“This is Apollo 13 – Cambridge, we have a problem.”
by Prof. Barry Dwolatzky
At 9:08pm on April 13 1970, astronaut James A. Lovell Jr, commander of Apollo 13, spoke the now famous words, “Houston, we have a problem.” If Lee Harvey Oswald hadn’t shot President John F. Kennedy in Dallas on November 22 1963, Lovell would have informed Cambridge, Massachusetts, rather than Houston, Texas, of his “problem”.
After starting the race to put a man on the moon, Kennedy’s administration decided to build NASA’s headquarters in the President’s home state, Massachusetts, and earmarked Kendall Square – the area surrounding MIT – as the location. This was changed after Kennedy’s assassination when the new President, Lyndon Johnson, decided to rather locate it in his own home state, Texas.
As they say: “History is just a long sequence of coincidences”.
So … if Oswald hadn’t killed Kennedy, I probably wouldn’t be sitting in the lounge of The Kendall Hotel at this moment.
Because it never became home to America’s space programme, the Kendall Square area of Cambridge, Mass., had an opportunity to follow a very different trajectory. It is now one of the world’s most concentrated areas for research-intensive technology businesses and startups. Google, Microsoft, Yahoo, and biotech giants Novartis and Pfizer are all in Kendall Square. The district’s website currently lists 62 biotech/life sciences and 61 IT/high tech companies as having offices in Kendall Square.
My interest in this area stems from what it was like 30 years ago. Visitors to MIT in the 1980’s were advised to be careful about entering the area north of the campus, around the Kendall Square T-Station. It was a desolate landscape filled with old warehouses and dark corners. No-one would want to be walking alone in Kendall Square at night.
Until very recently visitors to Wits University were given the same sort of advice about entering Braamfontein.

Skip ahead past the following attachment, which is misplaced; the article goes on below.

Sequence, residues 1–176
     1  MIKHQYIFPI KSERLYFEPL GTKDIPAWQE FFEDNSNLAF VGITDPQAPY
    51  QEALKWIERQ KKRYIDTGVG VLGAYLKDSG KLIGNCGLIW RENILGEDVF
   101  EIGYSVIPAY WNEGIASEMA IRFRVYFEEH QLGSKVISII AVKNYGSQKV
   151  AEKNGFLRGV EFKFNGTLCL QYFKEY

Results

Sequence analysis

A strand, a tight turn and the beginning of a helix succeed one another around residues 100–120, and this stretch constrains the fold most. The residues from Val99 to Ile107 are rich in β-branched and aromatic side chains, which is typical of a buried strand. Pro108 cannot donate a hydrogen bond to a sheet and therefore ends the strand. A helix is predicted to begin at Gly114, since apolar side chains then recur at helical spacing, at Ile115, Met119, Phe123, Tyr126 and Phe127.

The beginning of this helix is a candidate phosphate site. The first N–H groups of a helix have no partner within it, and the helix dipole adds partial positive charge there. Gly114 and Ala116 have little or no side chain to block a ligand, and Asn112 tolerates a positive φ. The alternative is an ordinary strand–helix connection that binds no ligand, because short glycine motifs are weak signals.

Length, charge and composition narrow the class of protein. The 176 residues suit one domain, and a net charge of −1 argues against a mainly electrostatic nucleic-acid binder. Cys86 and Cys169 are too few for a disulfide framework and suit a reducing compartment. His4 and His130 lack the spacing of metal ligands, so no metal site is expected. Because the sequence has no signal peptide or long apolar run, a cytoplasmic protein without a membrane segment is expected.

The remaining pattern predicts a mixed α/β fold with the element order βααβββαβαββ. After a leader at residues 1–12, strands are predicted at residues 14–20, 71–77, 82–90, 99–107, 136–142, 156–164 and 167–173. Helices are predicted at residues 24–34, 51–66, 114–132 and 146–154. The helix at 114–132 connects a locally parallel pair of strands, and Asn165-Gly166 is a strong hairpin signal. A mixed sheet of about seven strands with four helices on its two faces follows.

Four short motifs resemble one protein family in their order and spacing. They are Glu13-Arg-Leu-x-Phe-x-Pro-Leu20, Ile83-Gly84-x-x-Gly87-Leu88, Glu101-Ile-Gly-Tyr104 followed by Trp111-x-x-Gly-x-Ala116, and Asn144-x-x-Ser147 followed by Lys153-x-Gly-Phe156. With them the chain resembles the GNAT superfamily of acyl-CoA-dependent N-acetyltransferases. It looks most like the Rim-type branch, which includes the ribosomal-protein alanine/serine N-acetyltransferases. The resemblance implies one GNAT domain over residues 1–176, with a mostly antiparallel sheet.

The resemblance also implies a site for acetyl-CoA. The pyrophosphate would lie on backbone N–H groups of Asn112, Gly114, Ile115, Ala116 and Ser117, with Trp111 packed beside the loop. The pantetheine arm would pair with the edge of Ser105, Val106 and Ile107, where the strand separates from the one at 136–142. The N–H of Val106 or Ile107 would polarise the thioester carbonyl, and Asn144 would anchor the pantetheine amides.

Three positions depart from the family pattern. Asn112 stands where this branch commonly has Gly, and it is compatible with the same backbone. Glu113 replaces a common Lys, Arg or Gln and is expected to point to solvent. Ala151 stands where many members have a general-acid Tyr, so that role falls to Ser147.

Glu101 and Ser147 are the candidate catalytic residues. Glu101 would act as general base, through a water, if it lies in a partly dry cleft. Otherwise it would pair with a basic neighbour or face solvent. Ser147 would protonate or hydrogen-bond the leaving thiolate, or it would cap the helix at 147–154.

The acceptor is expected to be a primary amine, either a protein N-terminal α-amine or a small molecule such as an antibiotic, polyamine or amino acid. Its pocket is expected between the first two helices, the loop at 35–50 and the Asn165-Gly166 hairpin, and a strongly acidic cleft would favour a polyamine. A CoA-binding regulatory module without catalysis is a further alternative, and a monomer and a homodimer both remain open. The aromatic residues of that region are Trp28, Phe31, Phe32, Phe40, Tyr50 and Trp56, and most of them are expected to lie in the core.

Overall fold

I guess you can now see where this is going! How did Kendall Square – the decayed urban district of the 1980’s – become the prized real estate and high tech centre that it is today? What role did MIT play in its transition? Can Braamfontein undergo a similar transformation? What can Wits do to make this happen?
In my search for answers to some of these questions I have come to visit MIT and Kendall Square.
It’s hard to see it now, but in the 1970’s MIT and its neighbourhood would have been at opposite ends of the spectrum. On the one hand there was the world’s top engineering university operating on its affluent, spacious and handsome campus on the banks of the Charles River. On the other hand we had a blighted, neglected and ugly inner-city district. However, there was something that Kendall Square had that MIT (or some of the Faculty members at MIT) needed – cheap and conveniently located space!
The history of Kendall Square, as it is today, goes back to 1978 when Dr Phillip Sharp and some of his research collaborators decided to commercialise some of their research by setting up a company. They moved into an old warehouse in Kendall Square. The company they founded – Biogen (now called Biogen Idec www.biogenidec.com) became the first biotechnology company in the world.
Other start-up companies followed creating a rich and innovative environment.
As this happened technology companies from other parts of the USA and the world saw the advantage of entering this ecosystem, where ideas and skills were concentrated in growing numbers.
The transformation of Kendall Square couldn’t have happened without MIT. At the same time MIT has benefited in a number of ways. Not least of these is that the University owns a great deal of property in the Square. I was told that income generated from its property portfolio is now a significant contributor to MIT’s annual budget.
The other huge beneficiary of the development of Kendall Square has been the City of Cambridge that derives substantial tax revenue and reflected glory from the development of the district.
And as for the lessons I’ve learned: Wits and Braamfontein are now at the same stage of their relationship that MIT and Kendall Square were at in the late 1970’s. With a little foresight and strategic engagement we could see the same dramatic transformation in central Johannesburg. Wits and the City of Johannesburg owe it to our future to ensure that this happens.
An interesting aside: Dr Phillip Sharp went on to win the 1993 Nobel Prize for Medicine.
There is a great 10 minute video on the relationship between MIT and Kendall Square at http://mit.tv/XmzU6w